Deshauna Barber made history last week by becoming the first Miss USA winner who is actively serving in the United States military. First, it is undeniable that this woman is drop dead gorgeous. She is also the epitome of strength: physical strength, intellectual strength, and strength of character. After growing up in her non-"girly" military family, obtaining her master's degree in management information systems (not exactly a traditional "girly" career choice), it is refreshingly wonderful that she openly embraces the indulgences of femininity.
So, wear your heels, wear your swimsuits, overdo your makeup, have big curls and lots of hairspray. It just gives me the chance to be really girly, and I think that's what fascinates me about [pageantry].
Interview of Deshauna Barber by Diana Falzone, Fox411.
For me, this once again brings to the forefront the tension sometimes perceived with women attorneys. If they are strong, are they not being feminine? Should they not be feminine because that will be perceived as weak? I have been asked several times (almost exclusively by men) if I thought I had a tougher time being a female attorney. While I've never been a male attorney, my answer is still "no."
Deshauna Barber beautifully demonstrates how strength and femininity are not opposites or mutually exclusive. Women can be in traditional male roles and still hold onto their femininity - even embrace it passionately - if they want to - and thank goodness!!
I personally think embracing who I am, including my traits that are associated with being female, often makes me a better attorney. Driving this point home, I truly enjoyed this article by Jan Nielsen Little, a trial attorney with Keker & Van Nest on Ten Reasons Why Women Make Great Trial Lawyers. It acknowledges the scientifically proven differences between men and women, and celebrates how behaviors and traits more linked to women make them effective litigators.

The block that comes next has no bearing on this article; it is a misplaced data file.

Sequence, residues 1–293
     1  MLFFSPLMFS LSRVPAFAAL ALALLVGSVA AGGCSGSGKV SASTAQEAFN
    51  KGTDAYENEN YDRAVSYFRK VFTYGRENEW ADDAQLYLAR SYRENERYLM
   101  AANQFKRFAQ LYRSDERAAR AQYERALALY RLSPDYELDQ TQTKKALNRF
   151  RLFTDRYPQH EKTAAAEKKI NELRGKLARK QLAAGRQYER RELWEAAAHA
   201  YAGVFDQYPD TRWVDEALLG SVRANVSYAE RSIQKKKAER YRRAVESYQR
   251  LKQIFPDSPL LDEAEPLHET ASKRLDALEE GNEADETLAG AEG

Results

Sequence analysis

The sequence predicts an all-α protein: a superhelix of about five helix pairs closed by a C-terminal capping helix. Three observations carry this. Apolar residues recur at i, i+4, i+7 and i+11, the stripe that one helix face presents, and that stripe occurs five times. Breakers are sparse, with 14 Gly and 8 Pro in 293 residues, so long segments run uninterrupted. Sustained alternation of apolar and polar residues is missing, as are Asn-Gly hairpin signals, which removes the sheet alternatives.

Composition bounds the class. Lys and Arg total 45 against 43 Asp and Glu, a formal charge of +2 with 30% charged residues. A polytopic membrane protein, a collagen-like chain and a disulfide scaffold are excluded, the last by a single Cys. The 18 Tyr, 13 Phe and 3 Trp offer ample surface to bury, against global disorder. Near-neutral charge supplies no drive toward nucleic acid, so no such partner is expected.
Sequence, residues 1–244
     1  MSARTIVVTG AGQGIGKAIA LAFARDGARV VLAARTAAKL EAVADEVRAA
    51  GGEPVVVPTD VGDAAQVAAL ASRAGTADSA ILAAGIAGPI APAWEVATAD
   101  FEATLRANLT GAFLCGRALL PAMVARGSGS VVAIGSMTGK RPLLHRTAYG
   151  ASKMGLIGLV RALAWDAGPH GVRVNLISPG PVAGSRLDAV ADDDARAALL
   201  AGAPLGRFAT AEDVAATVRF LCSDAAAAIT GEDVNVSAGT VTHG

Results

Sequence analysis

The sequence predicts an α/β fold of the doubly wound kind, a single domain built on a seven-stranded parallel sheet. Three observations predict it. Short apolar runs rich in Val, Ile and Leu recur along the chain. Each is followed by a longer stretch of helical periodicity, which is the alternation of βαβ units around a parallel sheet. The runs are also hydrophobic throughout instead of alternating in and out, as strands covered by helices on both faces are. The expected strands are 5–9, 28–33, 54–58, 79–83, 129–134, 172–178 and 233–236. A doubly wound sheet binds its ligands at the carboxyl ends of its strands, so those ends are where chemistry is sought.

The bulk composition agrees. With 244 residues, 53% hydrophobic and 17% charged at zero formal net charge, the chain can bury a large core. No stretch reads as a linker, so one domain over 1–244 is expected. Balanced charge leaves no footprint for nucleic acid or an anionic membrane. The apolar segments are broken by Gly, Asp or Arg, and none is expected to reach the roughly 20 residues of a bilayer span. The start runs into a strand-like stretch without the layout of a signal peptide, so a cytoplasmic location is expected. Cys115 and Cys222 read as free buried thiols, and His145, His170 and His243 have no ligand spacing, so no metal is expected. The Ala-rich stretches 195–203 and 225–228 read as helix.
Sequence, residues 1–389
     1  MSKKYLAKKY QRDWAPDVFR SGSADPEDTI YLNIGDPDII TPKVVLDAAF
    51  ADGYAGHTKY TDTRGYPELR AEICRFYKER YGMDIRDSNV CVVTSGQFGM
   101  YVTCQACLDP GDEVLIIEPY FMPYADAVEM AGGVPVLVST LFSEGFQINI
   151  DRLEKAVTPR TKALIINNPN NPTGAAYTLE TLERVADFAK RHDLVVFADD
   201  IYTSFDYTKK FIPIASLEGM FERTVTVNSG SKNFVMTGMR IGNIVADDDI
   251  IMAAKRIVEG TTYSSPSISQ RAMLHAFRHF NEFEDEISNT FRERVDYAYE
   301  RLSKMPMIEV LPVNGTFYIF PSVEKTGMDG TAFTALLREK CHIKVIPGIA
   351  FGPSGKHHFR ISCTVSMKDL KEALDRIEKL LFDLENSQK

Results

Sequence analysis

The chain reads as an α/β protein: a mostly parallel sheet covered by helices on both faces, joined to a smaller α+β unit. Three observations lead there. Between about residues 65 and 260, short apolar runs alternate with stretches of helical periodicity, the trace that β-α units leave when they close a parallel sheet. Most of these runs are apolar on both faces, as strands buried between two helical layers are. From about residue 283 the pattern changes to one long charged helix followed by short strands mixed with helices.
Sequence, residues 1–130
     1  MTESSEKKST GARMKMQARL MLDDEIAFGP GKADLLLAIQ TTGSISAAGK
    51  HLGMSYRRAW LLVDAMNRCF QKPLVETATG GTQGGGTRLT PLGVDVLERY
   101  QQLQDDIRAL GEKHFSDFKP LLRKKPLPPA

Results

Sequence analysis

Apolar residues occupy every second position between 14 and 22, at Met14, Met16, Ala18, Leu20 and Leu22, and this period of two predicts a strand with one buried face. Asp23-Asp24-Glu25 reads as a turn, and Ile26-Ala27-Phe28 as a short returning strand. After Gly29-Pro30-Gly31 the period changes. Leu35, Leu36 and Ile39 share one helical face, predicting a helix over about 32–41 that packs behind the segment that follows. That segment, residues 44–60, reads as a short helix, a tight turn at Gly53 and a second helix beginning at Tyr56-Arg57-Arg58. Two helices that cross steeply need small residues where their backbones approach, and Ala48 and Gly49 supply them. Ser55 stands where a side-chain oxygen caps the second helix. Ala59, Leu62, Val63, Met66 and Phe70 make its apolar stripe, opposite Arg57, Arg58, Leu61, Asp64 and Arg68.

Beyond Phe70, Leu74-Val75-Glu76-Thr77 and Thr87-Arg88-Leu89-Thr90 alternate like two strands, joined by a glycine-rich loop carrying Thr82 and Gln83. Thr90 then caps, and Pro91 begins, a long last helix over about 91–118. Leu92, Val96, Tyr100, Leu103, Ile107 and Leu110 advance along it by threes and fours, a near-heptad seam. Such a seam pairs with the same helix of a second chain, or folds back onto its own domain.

But I think it goes deeper than that. Whether an attorney is male or female, one of the worst mistakes they can make is to try to behave like they think attorneys are supposed to behave, or like other attorneys think they should behave - those other attorneys often being their partners. Instead, they should learn from their partners, mentors, and colleagues what works and does not work for them - what is effective, but is still natural - what are their own strengths and weaknesses. Only true awareness of personal strengths and weaknesses, without worrying about whether they are masculine or feminine, will permit an attorney to capitalize on their strengths and be effective despite their weaknesses.
For instance, I once had a partner who was nicknamed "the bulldog" because at deposition or at trial he would just go after the opponent - like a barking dog. His clients LOVED him because this is what they wanted their attorney to do. That same trait could also be an extreme weakness. If I even thought about trying to emulate his style, it would be laughable - not because I'm a woman and am "oppressed" into behaving more femininely. That style is simply not me, nor do I want it to be. Furthermore, when I come up against an attorney who behaves like that, I have my own powerful tools that are far more successful for me than trying to be someone I'm not. In short, I am me, I am a woman, I like being a woman, and sometimes even "girly," and I can be strong and successful while embracing it all.
Thank you Deshauna Barber for being another example of embracing strength, femininity, and who you are.
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